Last week, Tanning Vegas filed a lawsuit against Lohan claiming that she owes the company more than $41,000 in unpaid tanning fees she racked up between 2007 and 2009. In 2009, the same company accused Lohan of stealing its formula for a spray tanning product she sold under her Sevin Nyne label.
In December, Lohan came under investigation for allegedly assaulting a staffer at the Betty Ford Clinic, where she carried out her most recent round of rehab.
Lohan lost her most high-profile job of late in November. She was slated to star in the biopic of porn star Linda Lovelace, but because of her recent troubles, the film's director switched her out for "Watchmen" actress Malin Akerman.
Lohan butted heads with E-Trade in 2010. She sued the financial services company for $100 million for a talking baby commercial that, according to her, made a mockery of her personality. The two settled in September for an undisclosed amount.
2010 wasn't exactly a banner year for Lohan: In September, she tested positive for drugs and had her second prison stint before beginning rehab at Betty Ford. She also spent part of the summer in a separate rehab program.
The real lowlight of Lohan's year probably was the 14 days she spent in prison. In July, she received a 90 day sentence for violating her 2007 probation.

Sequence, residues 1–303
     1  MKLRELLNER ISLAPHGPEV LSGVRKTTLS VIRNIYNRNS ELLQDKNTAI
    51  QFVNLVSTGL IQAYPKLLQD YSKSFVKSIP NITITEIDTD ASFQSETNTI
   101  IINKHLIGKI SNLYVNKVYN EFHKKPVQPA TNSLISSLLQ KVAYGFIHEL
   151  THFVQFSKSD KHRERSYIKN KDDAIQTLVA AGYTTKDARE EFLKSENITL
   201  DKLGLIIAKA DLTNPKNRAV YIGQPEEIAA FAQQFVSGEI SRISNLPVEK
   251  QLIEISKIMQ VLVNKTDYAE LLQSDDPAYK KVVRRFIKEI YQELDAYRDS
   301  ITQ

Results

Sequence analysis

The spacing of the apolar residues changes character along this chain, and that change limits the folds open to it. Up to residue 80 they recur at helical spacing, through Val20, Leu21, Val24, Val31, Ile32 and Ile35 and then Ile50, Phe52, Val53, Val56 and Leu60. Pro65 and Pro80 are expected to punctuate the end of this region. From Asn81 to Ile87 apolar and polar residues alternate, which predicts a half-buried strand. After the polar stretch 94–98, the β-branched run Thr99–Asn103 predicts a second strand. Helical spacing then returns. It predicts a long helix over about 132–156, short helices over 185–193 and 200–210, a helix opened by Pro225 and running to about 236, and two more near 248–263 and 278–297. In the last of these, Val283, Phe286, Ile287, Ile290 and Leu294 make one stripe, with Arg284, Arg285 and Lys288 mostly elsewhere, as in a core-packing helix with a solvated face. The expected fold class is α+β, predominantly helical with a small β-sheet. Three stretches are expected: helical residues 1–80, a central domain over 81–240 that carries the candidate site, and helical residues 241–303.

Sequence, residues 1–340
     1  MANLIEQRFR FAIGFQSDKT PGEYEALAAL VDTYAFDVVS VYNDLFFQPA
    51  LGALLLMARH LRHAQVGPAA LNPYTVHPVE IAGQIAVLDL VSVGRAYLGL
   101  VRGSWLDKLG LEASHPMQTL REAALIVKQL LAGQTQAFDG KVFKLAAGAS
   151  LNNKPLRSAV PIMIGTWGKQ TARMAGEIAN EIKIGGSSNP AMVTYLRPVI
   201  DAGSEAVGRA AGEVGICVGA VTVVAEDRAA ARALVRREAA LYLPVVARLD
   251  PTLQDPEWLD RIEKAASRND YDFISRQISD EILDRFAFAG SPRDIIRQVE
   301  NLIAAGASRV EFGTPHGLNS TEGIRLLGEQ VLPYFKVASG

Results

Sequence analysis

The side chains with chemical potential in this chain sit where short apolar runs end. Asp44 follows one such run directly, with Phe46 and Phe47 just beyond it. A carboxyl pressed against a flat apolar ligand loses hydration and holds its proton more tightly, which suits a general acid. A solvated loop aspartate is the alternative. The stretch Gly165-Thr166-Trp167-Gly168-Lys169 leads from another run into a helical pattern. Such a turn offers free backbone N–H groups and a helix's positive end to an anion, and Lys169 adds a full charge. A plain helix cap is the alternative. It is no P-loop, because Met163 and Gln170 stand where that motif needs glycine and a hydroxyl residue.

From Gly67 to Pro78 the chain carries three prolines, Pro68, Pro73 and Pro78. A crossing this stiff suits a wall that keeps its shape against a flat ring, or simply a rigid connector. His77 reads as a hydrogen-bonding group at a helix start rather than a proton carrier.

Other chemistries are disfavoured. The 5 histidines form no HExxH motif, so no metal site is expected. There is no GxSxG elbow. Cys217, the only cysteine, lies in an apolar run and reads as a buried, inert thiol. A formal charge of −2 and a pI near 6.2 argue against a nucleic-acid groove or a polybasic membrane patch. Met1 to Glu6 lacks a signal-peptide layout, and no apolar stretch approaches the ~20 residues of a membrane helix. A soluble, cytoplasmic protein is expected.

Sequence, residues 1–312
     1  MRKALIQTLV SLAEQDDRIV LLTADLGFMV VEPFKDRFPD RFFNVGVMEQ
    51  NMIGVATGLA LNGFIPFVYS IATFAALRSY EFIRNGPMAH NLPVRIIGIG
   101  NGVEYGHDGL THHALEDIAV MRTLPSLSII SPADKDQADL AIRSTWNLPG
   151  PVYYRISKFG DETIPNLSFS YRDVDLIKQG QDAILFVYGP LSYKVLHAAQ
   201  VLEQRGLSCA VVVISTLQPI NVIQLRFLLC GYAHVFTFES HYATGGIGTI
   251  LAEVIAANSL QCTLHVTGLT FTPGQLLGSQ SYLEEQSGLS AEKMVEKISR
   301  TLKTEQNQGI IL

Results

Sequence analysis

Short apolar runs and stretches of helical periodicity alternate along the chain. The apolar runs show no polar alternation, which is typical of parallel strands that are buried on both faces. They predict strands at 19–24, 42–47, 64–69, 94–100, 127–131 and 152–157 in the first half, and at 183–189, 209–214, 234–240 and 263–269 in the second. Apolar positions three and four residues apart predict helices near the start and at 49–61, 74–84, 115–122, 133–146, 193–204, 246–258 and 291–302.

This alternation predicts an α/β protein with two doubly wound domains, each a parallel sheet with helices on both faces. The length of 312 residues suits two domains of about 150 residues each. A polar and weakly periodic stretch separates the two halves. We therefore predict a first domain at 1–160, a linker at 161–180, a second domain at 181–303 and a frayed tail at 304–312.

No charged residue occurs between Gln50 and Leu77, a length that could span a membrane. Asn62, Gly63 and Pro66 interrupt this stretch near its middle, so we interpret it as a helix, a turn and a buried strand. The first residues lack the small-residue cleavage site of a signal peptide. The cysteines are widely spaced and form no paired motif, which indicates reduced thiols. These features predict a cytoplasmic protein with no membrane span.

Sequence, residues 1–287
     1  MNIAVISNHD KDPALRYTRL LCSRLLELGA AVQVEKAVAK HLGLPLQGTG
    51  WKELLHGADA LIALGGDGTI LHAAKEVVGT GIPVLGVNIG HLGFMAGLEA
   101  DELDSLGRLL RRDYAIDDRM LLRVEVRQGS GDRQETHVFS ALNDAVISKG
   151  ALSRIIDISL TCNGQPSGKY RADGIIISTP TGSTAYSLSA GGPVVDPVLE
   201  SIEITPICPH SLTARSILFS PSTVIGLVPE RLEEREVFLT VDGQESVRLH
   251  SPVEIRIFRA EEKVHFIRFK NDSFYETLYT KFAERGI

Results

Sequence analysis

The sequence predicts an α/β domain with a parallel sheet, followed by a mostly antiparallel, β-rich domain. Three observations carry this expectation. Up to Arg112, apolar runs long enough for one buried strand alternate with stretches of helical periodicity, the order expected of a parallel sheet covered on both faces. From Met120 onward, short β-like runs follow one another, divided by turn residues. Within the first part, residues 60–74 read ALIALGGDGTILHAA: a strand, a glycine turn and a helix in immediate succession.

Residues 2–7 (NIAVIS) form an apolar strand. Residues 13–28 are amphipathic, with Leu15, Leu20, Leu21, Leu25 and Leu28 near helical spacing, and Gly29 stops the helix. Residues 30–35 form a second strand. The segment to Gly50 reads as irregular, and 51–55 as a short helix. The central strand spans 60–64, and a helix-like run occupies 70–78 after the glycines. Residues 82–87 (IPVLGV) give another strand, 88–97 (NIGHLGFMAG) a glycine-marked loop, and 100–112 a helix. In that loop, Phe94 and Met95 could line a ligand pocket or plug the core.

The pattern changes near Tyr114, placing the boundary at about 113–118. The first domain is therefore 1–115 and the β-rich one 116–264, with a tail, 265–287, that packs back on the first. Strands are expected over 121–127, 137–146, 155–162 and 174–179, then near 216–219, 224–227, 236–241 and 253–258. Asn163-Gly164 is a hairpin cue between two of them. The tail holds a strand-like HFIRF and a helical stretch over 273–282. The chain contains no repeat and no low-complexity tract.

This was after she missed a May probation hearing because, according to her, someone stole her passport while she was at the Cannes Film Festival. Lohan was spotted partying in France prior to coming back to Los Angeles, where a warrant was issued for her arrest. She escaped jail time but was ordered to attend weekly alcohol education classes and wear an alcohol monitoring bracelet.
It all pales in comparison to Lohan's biggest blunders yet, a set of screw ups that continue to make her life a mess. In 2007, she was arrested for two DUIs, one of which ended with police finding cocaine in her pocket. That year's infractions led to 84 minutes of jail time, multiple stints in rehab and a probation sentence with which Lohan still grapples nearly four years later.
ABC News' Scott Shulman contributed to this report.